But you know what? I have Chris Bell's private e-mail— I just didn't give it to George. In the early days of his candidacy, Bell and I corresponded a bit after the blogger conference calls in which Chris was very accessible and forthcoming. I am quite certain that Chris reflected on this correspondence as he molded his positions during the early campaign. I didn't give the e-mail to George because I promised Chris I'd keep our e-mails between us. For the same reason, I won't detail them here, but obviously I found him in the conference calls and in the e-mails to be neither obtuse nor difficult to connect with.

I have probably, in fact, said too much here, but I believe it necessary to defend the candidate.

Chris Bell demonstrates his lack of charisma and access.

I also hate "brutal honesty": too often it is merely brutal and not particularly honest. But just that, to my dismay, is necessary now. It looks from here like the editorial board of the Amarillo Independent is exercising the Kim Jong-il option. Insecure of their status, they are throwing a nuclear hissy fit because someone hasn't paid them the proper respect. Jeez-- what would the local progressive community, too small already by far, be like if everyone exhibited such two-year-old behavior? Maybe we'd all make endorsements like the Indy's endorsement of Barbara Ann Radnofsky:
Incumbent Republican Sen. Kay Bailey Hutchison, meanwhile, has not responded to a request in July to meet with the Indy . . . Our endorsement of Radnofsky reflects not only our agreement with her positions and what we believe she can do for her constituents but also is a condemnation of the arrogant self-satisfaction of the worst kind by Hutchison, whose salary all of us pay and from whom we get little in return.
Again, there's plenty to recommend Radnofsky without stooping to petty complaints about lack of access to Hutchison.

Two observations are of note here: First, we're just lowly bloggers, slogging away at this part time. But we acquired enough access to Bell to write decent commentary and to unequivocally endorse him, for what it's worth. George is a professional reporter who should just stop whining and do his job.

Secondly, the quid pro quo or else! attitude implicit in the Indy's non-endorsement is one of the things that is wrong with the mainstream press. If the "Amarillo Globe-No-News" had endorsed on such a basis George would have been the first to condemn them. It's sad, but mortifyingly predictable, that the Indy chose to so quickly become the enemy.


Wednesday, October 25, 2006

Those of you following the Amarillo Globe-No-News know that the right-wing rag went right down the party line to endorse Republican candidates. No surprise there.

The Amarillo Independent, on the other hand, will devote its entire editorial page to endorsements — and there will be some surprises.

As most of you know, the Indy hits the streets at selected locations Wednesday evening and the remainder of its 80-plus distribution points Thursday. The posting of the week’s content to the www.amarilloindy.com occurs Thursday mornings.

Tuesday, October 24, 2006

Gaming the system

Chris Bowers at DailyKos and MyDD has an innovative idea to point googlers to web pages of Congress Critters, other than thier homepage. You can read about it here. I'm posting the links for each congress critter. If you are inclined, post these links on your personal page(s) or at another blog. Also take one of the links from here and place it in each comment you post. I wish we had thought of this for the Texas elections. If anyone finds suitable links for any Texan politicians post them in the comments and I'll update our links.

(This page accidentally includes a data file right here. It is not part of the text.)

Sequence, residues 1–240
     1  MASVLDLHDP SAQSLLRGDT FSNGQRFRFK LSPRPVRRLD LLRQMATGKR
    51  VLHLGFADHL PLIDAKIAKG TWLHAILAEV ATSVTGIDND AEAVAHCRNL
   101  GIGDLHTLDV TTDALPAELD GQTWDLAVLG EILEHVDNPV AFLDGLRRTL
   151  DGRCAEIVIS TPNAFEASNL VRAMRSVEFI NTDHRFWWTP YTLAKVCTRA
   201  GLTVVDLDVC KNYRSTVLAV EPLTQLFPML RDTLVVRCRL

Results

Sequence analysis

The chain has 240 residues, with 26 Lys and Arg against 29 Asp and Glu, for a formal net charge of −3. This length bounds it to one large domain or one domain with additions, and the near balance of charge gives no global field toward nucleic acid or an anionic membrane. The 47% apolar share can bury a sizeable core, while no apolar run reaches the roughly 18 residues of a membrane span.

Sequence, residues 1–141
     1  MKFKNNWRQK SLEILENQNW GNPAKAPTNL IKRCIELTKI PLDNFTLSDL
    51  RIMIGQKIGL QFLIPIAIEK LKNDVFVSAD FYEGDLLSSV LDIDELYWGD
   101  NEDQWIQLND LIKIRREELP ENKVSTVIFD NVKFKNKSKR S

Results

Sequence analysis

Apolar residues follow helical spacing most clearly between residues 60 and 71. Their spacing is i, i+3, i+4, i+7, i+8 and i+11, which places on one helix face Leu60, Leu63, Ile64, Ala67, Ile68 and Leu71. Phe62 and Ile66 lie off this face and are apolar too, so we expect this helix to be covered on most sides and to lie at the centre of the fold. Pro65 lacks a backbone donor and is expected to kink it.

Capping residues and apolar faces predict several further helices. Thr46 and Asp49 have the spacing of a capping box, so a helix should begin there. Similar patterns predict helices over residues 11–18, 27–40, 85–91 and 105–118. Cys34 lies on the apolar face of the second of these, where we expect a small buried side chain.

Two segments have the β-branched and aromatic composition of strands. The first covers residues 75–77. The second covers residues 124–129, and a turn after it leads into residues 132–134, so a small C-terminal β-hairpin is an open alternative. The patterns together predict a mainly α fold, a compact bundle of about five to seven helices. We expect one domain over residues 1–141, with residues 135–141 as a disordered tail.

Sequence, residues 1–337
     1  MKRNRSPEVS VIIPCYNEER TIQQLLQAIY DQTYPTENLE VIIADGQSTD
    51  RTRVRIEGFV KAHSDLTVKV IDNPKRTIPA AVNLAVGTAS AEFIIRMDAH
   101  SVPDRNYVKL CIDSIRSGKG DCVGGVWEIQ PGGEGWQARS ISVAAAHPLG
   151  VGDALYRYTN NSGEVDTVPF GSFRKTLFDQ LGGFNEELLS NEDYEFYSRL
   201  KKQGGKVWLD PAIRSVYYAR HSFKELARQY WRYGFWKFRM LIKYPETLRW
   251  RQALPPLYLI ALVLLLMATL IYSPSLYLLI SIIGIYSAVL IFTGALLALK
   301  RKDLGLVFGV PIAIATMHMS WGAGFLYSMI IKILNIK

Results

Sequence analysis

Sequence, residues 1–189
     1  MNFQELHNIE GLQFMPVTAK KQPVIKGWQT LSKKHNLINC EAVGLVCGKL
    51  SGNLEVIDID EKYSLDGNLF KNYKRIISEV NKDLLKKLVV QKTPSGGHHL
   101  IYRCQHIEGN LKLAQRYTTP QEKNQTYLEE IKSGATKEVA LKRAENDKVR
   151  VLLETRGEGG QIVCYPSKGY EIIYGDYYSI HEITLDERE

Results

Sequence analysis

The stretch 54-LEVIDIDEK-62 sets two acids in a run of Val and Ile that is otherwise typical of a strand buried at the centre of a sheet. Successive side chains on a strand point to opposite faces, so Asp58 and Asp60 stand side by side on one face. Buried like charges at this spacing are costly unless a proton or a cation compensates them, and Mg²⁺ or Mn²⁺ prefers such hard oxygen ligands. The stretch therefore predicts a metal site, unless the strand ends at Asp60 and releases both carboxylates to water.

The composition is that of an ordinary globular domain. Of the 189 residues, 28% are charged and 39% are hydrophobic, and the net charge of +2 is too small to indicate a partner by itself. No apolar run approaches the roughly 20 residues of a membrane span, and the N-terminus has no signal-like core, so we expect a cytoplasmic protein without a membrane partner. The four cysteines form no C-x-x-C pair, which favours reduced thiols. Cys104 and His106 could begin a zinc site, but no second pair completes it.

Here are the links:

--AZ-Sen: Jon Kyl
--AZ-01: Rick Renzi
--AZ-05: J.D. Hayworth
--CA-04: John Doolittle
--CA-11: Richard Pombo
--CA-50: Brian Bilbray
--CO-04: Marilyn Musgrave
--CO-05: Doug Lamborn
--CO-07: Rick O'Donnell
--CT-04: Christopher Shays
--FL-13: Vernon Buchanan
--FL-16: Joe Negron
--FL-22: Clay Shaw
--ID-01: Bill Sali
--IL-06: Peter Roskam
--IL-10: Mark Kirk
--IL-14: Dennis Hastert
--IN-02: Chris Chocola
--IN-08: John Hostettler
--IA-01: Mike Whalen
--KS-02: Jim Ryun
--KY-03: Anne Northup
--KY-04: Geoff Davis
--MD-Sen: Michael Steele
--MN-01: Gil Gutknecht
--MN-06: Michele Bachmann
--MO-Sen: Jim Talent
--MT-Sen: Conrad Burns
--NV-03: Jon Porter
--NH-02: Charlie Bass
--NJ-07: Mike Ferguson
--NM-01: Heather Wilson
--NY-03: Peter King
--NY-20: John Sweeney
--NY-26: Tom Reynolds
--NY-29: Randy Kuhl
--NC-08: Robin Hayes
--NC-11: Charles Taylor
--OH-01: Steve Chabot
--OH-02: Jean Schmidt
--OH-15: Deborah Pryce
--OH-18: Joy Padgett
--PA-04: Melissa Hart
--PA-07: Curt Weldon
--PA-08: Mike Fitzpatrick
--PA-10: Don Sherwood
--RI-Sen: Lincoln Chafee
--TN-Sen: Bob Corker
--VA-Sen: George Allen
--VA-10: Frank Wolf
--WA-Sen: Mike McGavick
--WA-08: Dave Reichert

Monday, October 23, 2006

wtamu exit polls

If you're interested, Dr. Rausch, who teaches political science at WTAMU, will be conducting an online exit poll on election day. Here's the full text of the press release:

WTAMU Professor Seeks Help with Exit Polls

CANYON, Texas—Dr. Dave Rausch is a psephologist, and he needs help.
A psephologist is a person who studies current elections, and Rausch, associate professor of political science at West Texas A&M University, is doing just that.

“I think the Nov. 7 election would be an interesting one on which to collect data,” he said. “I’ve decided to run an online exit poll and need some help from the people in Potter and Randall counties.”

An exit poll is a survey of sorts taken soon after selected voters leave their voting place. This type of poll differs from an opinion poll by asking who the voter actually voted for. Rausch is asking voters to visit his web site at http://www.wtamu.edu/~jrausch. The site will have a series of exit poll links with different surveys for Randall and Potter counties, Amarillo, Canyon and for people outside of Randall and Potter counties. The surveys will include questions about property tax freeze initiatives and the changes to the Amarillo City Commissionas well as questions about the Texas gubernatorial elections.